The humanitarian sector has payed little attention to sexual violence against men, boys and LGBTIQ+ people, the International Committee of the Red Cross (ICRC) said on Thursday.
Women and girls have been known to be disproportionately at risk of rape, forced sterilisation or abortion, harassment and other forms of sexual and gender-based violence in settings of conflict, detention or natural disasters. But the impact of these types of abuses on men, boys and sexual minorities is underestimated and poorly understood, according to a joint report by the ICRC and the Norwegian Red Cross.
“As humanitarian workers we cannot go into an area that has been [struck] by disaster or ravaged by war, without considering that in the middle of the chaos of damaged houses, of families who can't find each other, or that lack food and water, the danger of sexual assaults and violence is at its highest,” said Bernt Apeland, secretary seneral of the Norwegian Red Cross, launching the report.
“It's a crime used to humiliate and damage and sometimes to destroy entire families and the more we look, the more we see,” he added.
The 62-page document, which draws from secondary research on humanitarian contexts including conflict, detention and natural disasters, highlights the different ways in which these groups are victimised.
Sexual minorities are especially at risk, because of discriminatory laws or social practices. For example, transgender women could be victims of “corrective rape”, gay men in countries where homosexuality is outlawed could be ill-treated in detention and young boys can be subjected to prostitution. In certain places, 50 to 80 per cent of men victims of torture in prisons have also suffered sexual violence, the report states.
Physical and mental health services for sexual violence victims in humanitarian contexts are overall lacking, the report warns, but the poor understanding of the needs of men and LGBTIQ+ victims adds another layer of challenges. For instance, men can find it difficult to report abuse due to the stigma that it may carry. Narrow-scope laws can also prevent men and LGBTIQ+ people from seeking justice when, for example, it doesn’t recognise them as victims.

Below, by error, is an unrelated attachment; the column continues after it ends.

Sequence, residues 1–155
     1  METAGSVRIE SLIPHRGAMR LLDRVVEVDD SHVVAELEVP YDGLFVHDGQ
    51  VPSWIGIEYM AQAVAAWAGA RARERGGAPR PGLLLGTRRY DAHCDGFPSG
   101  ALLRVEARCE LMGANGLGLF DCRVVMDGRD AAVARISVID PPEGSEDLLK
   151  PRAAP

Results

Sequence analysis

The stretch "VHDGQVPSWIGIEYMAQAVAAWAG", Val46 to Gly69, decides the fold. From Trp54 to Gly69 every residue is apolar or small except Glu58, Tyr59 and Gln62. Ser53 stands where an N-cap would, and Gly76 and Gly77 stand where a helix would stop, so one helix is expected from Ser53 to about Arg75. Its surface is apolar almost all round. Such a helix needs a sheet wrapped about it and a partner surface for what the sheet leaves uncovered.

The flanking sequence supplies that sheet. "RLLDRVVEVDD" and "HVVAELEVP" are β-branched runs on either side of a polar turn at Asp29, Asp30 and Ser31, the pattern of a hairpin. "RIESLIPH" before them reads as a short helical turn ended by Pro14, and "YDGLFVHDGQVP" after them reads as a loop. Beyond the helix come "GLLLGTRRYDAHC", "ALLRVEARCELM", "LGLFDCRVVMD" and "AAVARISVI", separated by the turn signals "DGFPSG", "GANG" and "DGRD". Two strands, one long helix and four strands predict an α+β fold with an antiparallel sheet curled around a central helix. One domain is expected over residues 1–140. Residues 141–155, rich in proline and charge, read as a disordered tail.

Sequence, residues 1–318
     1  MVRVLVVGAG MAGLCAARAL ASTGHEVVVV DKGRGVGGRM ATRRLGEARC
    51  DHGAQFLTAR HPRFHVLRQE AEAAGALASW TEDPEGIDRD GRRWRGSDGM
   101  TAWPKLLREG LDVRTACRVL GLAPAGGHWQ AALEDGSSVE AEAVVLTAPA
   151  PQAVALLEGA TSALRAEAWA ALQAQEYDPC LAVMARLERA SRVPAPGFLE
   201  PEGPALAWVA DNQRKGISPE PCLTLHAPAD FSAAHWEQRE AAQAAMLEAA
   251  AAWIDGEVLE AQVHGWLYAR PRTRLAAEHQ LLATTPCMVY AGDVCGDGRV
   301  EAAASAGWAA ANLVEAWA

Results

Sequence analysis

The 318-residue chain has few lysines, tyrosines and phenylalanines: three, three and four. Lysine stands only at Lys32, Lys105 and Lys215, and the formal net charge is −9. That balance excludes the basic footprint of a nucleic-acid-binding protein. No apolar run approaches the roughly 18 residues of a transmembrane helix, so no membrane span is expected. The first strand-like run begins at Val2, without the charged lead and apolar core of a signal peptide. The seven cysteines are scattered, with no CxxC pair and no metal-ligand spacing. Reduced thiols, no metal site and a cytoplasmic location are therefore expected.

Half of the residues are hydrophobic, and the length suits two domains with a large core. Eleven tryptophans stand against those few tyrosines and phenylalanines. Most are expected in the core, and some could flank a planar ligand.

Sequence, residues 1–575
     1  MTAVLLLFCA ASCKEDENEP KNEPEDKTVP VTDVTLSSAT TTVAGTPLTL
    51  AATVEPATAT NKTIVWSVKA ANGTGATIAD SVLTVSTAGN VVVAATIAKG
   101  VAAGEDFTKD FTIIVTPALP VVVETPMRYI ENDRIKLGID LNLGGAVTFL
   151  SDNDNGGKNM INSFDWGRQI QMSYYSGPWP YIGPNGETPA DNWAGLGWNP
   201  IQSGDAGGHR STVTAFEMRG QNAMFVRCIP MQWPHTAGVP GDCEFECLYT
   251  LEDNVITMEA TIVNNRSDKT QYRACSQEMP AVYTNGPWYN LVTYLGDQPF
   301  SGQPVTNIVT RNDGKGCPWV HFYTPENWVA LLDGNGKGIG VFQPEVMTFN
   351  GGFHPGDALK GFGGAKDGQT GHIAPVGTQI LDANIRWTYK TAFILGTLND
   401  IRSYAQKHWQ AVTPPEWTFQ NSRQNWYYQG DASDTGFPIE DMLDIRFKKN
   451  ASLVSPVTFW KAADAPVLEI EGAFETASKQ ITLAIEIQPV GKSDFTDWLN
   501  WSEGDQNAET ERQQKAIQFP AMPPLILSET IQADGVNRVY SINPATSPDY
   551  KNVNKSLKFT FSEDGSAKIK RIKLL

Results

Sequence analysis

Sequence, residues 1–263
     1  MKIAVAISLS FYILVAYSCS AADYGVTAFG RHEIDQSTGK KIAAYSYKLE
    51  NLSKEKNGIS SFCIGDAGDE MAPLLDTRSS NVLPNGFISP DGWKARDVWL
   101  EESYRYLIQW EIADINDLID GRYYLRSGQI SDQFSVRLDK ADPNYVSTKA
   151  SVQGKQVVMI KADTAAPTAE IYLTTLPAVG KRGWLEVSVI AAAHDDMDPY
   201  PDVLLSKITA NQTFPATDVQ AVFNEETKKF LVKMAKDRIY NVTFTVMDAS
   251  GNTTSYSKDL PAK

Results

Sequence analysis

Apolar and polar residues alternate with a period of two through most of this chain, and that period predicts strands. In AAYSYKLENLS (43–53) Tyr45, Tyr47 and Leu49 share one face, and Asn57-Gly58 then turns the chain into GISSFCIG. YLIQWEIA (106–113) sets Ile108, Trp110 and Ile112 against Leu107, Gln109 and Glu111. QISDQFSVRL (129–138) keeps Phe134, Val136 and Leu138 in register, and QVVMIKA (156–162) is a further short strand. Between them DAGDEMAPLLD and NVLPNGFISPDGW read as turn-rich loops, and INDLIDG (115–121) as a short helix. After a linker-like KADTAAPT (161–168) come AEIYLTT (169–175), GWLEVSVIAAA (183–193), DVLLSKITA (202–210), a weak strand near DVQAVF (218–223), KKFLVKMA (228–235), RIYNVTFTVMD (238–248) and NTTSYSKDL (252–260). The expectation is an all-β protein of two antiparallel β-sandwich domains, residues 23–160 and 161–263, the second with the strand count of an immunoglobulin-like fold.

The number of victims worldwide is unknown due to a lack of research, according to the findings, but reports show that it can happen anywhere. “Although nobody knows the exact number of victims, we do know from research that in areas of conflict, the amount is staggering,” said Apeland, noting that “this does not mean that sexual and gender-based violence against women and girls demands any less attention”.
“It's a recognition that a number of victims goes far beyond what the humanitarian community has been able to grasp until now, and that we must work much better to ensure that all people get the help they need.”
The report also points out that humanitarian workers themselves can exhibit discriminatory and harmful attitudes towards male and LGBTIQ+ victims and that there needs to be more training and awareness raising within the sector.
“We will work towards developing more inclusive services and programmes to ensure protection against sexual and gender-based violence and access to appropriate care for all victims and survivors without discrimination,” said ICRC’s sexual violence operations manager, Maria Holmblad.